Accelerated rainwater runoff from an area, decreased water infiltration into the soil, and a lack of vegetation all cause warming of the surface of the land and a gradual change in the microclimate of entire regions.

The gradual, but direct, effect is that the total volume of water available for evaporation from the land decreases, subsequently causing the volume of water available for precipitation through the small water cycle to decrease. A greater portion of the incoming solar energy is changed into sensible heat, resulting in temperature extremes between day and night, between neighbouring areas, as well as more intense seasonal extremes. These extremes rouse strong winds which carry the available water vapour away from the area.

Higher air temperatures also increase evaporation from the oceans, which intensifies the large water cycle. The small water cycle is weakened, and the large water cycle begins to dominate. Moreover, light and frequent precipitation decreases, and there is an increase in intense and less frequent precipitation originating from evaporation from the ocean. The periods between these precipitation events are characterised by intense heat waves and drought.

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Figure 1: Expansion of arid areas due to a weakened small water cycle.

Alternative management approaches

The general perception is that water is lost when it is not visible anymore, with people often wanting to prevent these ‘losses’ as far as possible. This applies to water that evaporates into the air or infiltrates into the soil to the groundwater table.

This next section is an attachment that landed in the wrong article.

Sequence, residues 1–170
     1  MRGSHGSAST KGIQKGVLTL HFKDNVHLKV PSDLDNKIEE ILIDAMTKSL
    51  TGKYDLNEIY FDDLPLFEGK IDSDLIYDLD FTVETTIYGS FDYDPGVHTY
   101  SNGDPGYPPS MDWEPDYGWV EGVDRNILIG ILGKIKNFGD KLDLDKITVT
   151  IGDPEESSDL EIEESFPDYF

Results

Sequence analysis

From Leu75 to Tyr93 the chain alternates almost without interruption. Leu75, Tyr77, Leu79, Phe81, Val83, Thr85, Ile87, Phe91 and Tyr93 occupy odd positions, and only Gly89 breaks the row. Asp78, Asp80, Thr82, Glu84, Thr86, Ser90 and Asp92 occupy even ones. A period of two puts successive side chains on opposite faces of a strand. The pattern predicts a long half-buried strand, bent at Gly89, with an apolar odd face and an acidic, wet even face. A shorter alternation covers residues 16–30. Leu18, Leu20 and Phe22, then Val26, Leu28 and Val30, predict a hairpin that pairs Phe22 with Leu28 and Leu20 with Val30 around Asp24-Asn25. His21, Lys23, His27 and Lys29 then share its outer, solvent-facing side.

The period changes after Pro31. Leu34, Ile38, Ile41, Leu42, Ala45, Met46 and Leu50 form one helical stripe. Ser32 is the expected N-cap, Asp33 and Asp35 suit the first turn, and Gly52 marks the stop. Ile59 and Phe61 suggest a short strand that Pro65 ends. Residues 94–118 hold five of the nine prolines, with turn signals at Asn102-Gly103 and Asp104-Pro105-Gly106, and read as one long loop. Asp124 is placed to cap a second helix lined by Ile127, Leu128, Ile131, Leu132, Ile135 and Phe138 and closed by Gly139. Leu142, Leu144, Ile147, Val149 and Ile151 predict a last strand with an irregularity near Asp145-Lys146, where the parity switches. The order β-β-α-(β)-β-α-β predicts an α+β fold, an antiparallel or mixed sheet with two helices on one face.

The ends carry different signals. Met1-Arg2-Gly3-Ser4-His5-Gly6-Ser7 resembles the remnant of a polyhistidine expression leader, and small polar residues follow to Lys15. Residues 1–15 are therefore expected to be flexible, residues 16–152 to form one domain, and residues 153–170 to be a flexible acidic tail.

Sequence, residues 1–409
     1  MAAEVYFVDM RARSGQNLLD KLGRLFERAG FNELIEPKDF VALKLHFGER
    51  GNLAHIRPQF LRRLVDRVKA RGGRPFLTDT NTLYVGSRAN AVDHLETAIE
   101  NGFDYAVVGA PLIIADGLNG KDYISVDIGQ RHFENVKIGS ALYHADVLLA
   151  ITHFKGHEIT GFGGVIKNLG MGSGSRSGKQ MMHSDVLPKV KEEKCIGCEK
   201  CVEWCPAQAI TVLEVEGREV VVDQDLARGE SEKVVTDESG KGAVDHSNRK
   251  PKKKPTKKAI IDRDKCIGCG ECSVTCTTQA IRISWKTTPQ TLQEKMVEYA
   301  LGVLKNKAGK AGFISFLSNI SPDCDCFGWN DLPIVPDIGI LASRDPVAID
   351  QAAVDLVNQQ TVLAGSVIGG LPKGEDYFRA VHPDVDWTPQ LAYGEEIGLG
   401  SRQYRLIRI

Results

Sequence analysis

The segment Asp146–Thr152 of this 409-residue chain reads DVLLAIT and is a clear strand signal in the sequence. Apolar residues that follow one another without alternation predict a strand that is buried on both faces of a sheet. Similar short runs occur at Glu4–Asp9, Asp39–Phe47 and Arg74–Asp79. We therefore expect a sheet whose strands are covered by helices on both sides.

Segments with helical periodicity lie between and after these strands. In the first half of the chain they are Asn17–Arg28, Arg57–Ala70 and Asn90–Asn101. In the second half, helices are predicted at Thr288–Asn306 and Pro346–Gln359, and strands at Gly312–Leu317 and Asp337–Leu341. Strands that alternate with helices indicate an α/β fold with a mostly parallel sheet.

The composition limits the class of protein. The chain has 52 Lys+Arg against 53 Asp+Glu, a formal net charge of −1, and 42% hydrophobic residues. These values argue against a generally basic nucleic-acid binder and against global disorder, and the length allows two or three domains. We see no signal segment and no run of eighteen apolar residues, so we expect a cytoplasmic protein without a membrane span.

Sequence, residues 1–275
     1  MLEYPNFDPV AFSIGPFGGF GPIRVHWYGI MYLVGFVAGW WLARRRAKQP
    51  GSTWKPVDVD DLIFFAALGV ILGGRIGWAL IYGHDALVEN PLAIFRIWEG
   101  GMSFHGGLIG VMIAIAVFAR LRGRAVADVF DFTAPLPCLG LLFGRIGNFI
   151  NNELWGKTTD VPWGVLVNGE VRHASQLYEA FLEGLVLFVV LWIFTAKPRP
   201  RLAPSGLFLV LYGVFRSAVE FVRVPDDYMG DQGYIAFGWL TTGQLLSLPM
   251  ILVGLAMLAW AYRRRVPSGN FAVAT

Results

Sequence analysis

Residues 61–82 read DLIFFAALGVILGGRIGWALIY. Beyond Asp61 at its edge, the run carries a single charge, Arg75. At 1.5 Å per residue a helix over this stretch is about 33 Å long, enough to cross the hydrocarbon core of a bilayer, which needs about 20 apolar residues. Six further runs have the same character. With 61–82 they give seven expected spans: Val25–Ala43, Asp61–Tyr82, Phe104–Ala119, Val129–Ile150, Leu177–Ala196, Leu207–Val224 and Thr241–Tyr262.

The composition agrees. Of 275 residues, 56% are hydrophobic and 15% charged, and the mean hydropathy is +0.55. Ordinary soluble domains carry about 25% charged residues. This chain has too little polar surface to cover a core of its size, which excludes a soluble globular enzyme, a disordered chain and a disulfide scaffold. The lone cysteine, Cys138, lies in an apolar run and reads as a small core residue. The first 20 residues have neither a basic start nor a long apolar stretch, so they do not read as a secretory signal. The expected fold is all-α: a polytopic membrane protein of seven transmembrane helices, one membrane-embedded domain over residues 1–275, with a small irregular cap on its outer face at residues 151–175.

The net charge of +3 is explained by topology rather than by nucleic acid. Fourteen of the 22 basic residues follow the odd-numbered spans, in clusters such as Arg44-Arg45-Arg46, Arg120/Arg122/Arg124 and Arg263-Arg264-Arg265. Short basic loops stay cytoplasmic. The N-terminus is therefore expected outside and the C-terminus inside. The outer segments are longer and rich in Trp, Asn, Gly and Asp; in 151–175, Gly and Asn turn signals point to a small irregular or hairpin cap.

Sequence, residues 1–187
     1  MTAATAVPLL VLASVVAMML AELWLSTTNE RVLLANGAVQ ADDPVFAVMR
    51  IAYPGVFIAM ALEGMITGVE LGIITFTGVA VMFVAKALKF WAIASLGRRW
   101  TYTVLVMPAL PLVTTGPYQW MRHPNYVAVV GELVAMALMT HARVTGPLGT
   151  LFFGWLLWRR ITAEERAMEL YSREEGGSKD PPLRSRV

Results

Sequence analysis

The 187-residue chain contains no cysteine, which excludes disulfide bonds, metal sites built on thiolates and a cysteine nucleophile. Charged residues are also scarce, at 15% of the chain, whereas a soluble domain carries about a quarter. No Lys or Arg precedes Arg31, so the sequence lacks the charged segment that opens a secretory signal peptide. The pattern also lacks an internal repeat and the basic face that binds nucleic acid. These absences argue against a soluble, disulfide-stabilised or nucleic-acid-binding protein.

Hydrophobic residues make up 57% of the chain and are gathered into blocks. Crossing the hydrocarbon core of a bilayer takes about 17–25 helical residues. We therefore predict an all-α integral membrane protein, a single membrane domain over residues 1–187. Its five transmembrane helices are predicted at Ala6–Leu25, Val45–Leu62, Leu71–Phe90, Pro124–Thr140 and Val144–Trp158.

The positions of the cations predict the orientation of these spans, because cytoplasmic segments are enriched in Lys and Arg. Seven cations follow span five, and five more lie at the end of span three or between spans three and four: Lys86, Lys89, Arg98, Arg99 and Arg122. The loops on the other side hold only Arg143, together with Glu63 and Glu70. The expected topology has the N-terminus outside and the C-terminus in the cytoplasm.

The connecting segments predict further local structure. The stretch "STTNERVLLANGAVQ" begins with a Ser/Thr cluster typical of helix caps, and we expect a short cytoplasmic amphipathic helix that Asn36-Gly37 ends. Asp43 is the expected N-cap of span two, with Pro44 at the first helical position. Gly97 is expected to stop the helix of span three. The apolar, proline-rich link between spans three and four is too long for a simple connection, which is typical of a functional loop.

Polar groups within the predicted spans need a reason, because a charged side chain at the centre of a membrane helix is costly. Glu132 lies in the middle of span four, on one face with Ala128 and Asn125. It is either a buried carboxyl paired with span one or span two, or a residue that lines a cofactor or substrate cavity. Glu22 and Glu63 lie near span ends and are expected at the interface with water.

In order to ensure that the ecosystem in a river downstream of a reservoir remains alive and healthy, a certain stream flow is allocated and managed according to the ecosystem needs of the remaining length of river.

It is also necessary to consider the water that needs to circulate in the entire ecosystem in order to maintain it. This pertains to not only visible water, but also the water in the remainder of the water cycle, namely the atmosphere, soil, and vegetation.

The water lost from the continents can be returned by capturing rainwater where it falls on land and storing it in the soil, especially in those areas that are drying out due to human activities. Interventions to restore moisture aim to increase the contact time between rainwater and the soil. This is done by slowing runoff, spreading it over a specific area, and allowing it to infiltrate into the soil. Only surplus surface water should be allowed to flow away from the area.